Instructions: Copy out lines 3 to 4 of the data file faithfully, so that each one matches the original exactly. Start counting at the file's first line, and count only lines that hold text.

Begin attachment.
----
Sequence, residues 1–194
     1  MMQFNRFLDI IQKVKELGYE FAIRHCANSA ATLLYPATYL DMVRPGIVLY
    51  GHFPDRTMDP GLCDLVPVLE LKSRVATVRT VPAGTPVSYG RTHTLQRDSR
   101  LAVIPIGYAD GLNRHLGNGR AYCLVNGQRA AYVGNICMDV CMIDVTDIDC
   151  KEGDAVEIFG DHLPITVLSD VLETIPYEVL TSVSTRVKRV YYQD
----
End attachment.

    51  GHFPDRTMDP GLCDLVPVLE LKSRVATVRT VPAGTPVSYG RTHTLQRDSR
   101  LAVIPIGYAD GLNRHLGNGR AYCLVNGQRA AYVGNICMDV CMIDVTDIDC